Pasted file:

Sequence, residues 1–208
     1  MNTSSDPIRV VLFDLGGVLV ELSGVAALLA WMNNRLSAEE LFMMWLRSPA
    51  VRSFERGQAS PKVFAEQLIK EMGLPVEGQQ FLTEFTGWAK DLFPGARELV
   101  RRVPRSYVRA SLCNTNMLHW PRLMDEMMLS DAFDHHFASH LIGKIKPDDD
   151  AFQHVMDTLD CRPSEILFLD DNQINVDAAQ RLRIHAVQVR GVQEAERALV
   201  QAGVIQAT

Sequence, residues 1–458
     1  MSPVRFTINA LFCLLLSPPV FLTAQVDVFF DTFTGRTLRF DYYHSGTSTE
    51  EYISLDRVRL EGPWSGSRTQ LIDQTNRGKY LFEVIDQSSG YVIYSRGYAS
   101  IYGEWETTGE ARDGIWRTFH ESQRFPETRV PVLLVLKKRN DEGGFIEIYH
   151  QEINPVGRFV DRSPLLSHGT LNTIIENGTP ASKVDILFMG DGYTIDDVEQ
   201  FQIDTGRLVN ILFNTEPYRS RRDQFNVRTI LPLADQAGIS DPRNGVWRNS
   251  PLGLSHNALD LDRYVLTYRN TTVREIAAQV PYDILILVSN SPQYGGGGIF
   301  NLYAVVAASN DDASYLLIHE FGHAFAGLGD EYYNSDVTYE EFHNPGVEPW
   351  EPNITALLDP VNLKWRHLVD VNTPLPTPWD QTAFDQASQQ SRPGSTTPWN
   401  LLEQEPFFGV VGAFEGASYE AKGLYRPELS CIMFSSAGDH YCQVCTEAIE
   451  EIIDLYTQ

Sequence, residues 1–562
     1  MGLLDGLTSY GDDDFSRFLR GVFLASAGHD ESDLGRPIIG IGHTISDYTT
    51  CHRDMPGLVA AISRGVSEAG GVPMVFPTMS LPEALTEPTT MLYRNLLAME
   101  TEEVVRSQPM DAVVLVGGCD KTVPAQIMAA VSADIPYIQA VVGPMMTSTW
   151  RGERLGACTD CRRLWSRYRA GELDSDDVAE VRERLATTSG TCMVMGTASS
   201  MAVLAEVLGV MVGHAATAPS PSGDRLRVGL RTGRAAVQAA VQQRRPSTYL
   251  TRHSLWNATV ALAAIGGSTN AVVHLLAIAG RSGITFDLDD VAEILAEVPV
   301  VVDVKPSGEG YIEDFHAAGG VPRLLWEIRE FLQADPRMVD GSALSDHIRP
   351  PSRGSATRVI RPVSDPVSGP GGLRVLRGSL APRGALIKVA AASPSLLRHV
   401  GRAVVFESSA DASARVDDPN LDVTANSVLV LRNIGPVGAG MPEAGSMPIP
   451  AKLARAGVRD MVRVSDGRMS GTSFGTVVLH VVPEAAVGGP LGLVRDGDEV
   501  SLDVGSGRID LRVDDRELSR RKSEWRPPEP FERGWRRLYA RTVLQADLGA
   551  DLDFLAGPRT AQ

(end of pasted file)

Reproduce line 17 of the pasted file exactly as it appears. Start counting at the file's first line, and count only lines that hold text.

   451  EIIDLYTQ